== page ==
"The committee will come to order."
It was 10:00 am ET on Monday and that statement stopped the political punditry on TV. It takes a lot to stop the punditry on TV these days. A lot.
For several hours it all ceased. What unfolded was the familiar theatre of public hearings and confirmation sessions that are part of the U.S. political process – the politicians, mostly middle-aged men, in their usual places and somebody being questioned while trying to stay stone-faced. The TV cameras are fixed, they don't wander much and there is a routine for these events that can sometimes dull their impact.
It was not terrific theatre, by any means. There were carefully worded revelations and subtle indications of shifts in this or that political direction.
What was very striking, however, was a revelation about why Donald Trump won the U.S. presidency and why he has such devoted followers.
No, not the alleged connection to Russia. It's about the way he talks and its why he stormed through so many debates and speeches during the election campaign. Nothing is carefully worded with him. Nothing is subtle. He roars, brays, and boasts.
All those politicians, both Republican and Democrat, took their time with the directors of the FBI and National Security Agency. Sometimes they took their allotted 15 minutes in full, airing lengthy statements masquerading as questions, to FBI Director James Comey and NSA Director Michael Rogers.
Thing is, Trump, at 5 a.m. can distill the 15-minute speech of a common-or-garden politician, into a tweet of 140 characters. Watching the House Intelligence Committee indulge in one of its rare public hearings, all live on TV, one saw and heard the long-winded waffling and the arch verbosity that characterizes so much political discussion, and that seems so remote from the directness that so many people appreciate as bald honesty.
In truth, the real significance of the hearing was obvious and over rather quickly. After that it was downhill into spin, obfuscation and, inevitably, before 3 p.m. there was banter about NFL teams.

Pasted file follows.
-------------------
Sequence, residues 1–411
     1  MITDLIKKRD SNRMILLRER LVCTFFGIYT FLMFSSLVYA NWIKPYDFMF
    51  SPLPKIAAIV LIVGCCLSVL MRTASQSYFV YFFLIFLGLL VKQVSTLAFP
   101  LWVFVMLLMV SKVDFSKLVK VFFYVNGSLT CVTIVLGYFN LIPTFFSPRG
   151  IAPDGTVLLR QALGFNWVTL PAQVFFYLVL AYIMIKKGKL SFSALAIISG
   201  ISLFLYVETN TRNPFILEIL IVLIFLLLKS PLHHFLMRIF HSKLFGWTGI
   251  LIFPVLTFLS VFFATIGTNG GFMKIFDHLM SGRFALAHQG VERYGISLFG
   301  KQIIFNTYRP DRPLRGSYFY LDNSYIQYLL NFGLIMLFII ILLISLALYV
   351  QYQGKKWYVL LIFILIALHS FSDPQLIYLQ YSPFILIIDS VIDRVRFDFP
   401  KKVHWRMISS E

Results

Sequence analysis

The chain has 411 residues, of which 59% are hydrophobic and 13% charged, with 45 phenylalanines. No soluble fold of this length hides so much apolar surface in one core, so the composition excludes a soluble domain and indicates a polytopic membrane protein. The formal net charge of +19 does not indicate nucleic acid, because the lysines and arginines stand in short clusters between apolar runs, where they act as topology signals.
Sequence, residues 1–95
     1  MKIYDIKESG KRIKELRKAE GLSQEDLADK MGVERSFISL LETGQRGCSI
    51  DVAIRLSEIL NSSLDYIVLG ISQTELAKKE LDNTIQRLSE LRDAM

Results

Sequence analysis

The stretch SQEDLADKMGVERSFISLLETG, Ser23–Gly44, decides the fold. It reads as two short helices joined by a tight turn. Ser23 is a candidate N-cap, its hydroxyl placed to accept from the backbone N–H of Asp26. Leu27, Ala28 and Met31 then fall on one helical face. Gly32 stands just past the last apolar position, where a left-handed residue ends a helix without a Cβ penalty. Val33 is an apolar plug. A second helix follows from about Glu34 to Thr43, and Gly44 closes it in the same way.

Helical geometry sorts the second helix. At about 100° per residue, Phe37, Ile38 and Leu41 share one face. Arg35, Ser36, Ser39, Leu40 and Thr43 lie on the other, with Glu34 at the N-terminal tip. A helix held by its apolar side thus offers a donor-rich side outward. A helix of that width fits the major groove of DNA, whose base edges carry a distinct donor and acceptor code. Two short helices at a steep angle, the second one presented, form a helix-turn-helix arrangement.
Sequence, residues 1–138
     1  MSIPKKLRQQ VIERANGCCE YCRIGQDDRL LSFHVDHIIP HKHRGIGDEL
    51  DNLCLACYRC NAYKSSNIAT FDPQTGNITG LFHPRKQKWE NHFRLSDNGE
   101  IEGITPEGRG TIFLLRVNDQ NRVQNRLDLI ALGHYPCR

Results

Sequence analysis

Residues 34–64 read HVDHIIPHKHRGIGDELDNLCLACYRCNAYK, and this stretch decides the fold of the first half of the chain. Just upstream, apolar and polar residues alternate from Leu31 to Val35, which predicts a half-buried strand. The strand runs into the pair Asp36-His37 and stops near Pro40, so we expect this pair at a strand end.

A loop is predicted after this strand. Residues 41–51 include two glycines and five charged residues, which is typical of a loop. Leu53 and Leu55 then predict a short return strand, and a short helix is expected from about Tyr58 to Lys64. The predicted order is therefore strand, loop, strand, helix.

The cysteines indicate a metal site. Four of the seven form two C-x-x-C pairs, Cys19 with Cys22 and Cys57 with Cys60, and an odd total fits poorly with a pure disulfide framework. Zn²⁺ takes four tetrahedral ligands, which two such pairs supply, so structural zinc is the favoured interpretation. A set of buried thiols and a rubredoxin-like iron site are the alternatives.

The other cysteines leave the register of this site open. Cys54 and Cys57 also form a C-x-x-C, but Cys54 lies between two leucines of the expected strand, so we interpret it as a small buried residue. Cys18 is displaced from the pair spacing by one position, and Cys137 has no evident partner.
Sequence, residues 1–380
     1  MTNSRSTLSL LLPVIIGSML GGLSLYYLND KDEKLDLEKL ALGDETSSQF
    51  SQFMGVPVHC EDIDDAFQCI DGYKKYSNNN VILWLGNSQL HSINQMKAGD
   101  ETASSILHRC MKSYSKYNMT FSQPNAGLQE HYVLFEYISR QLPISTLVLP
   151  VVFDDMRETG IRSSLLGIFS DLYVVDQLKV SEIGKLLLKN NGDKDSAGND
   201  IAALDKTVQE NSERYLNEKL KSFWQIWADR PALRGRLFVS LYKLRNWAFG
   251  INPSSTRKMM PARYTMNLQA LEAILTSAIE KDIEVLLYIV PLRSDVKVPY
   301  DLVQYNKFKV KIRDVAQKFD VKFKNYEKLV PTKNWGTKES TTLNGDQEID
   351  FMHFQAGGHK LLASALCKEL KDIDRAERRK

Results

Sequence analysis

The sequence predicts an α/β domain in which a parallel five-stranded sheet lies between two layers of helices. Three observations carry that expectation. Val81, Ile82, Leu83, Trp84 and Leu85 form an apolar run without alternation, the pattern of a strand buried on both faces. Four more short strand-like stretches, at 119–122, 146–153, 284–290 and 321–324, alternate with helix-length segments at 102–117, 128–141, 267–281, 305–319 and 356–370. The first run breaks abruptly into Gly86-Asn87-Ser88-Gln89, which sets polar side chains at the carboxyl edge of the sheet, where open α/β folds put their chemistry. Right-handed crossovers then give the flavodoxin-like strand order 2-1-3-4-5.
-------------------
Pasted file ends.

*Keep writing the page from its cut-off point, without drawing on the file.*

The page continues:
As soon as James Comey confirmed, for the first time, that the agency is investigating possible collusion between the Trump campaign and Russia to influence the outcome of the presidential election, the climax was reached. Meanwhile, everybody agreed on something of lesser import – that Trump's accusation that Barack Obama had Trump Tower surveilled, was baseless, utterly lacking in substance. But, really, everybody knew that assertion was coming.
As so often happens with all-news cable channels in the U.S. these days, even when there is no opportunity for punditry and rants, there is an ideological war going on. On CNN, the statement on the screen said, "Comey confirms probe into 2016 election." Over on Fox, it was "GOP pounds Comey, Rogers on classified intel leaks." Well, yes, it does depend on how you look at it. On the one hand, CNN is correct. On the other hand, the attacks by Republicans on the issue of information being leaked might amount to a "pounding," but only if you are tone-deaf.
The upshot of what went on for hours was Republican members of the committee suggesting, in various ways and with various formations of blustery words, that the media is more evil than Russia. In one bizarre instance, Comey was asked if his staff had helped write a Washington Post story. Because, well, the FBI seems to be hell bent on smearing decent Americans who happened to make a phone call to a Russian official. Or something. In another instance there was complicated discussion about college football teams in Texas, the Red Raiders and the Texas Longhorns. The two teams were being used as a metaphor to dig deeper into why Vladimir Putin dislikes Hillary Clinton and why, as a logical result of that dislike, he might favour Donald Trump.
Before it all ended, a Democrat was getting Comey and Rogers to debunk Trump's tweets in real time. Trump's midday tweet had declared that Comey and Rogers had testified "that Russia did not influence electoral process." At this point, the surreal quality was at saturation level. And, as soon as the day's hearing ended, CNN had assembled nine – count 'em, nine – pundits to discuss the day's events. Fox merely had Shep Smith trying manfully to summarize the day alone. This, presumably, while Fox brought together a large team to "pound" somebody about something.
"That's not something I can answer," James Comey said over and over again. And in that professional obfuscation is the heart of the entire drama. Nobody really knows what's going on. Put aside the obviously delusional claim that Barack Obama personally ordered the wire tapping of Donald Trump, and you are left with a strange tale of mysterious meetings in Moscow and payments being made, or deals being done, to benefit this person or that person. It's being looked into. That's all.
It's a post-truth time and we're all just getting used to it. It makes everyone uneasy, even TV pundits. And the obfuscators only have themselves to blame.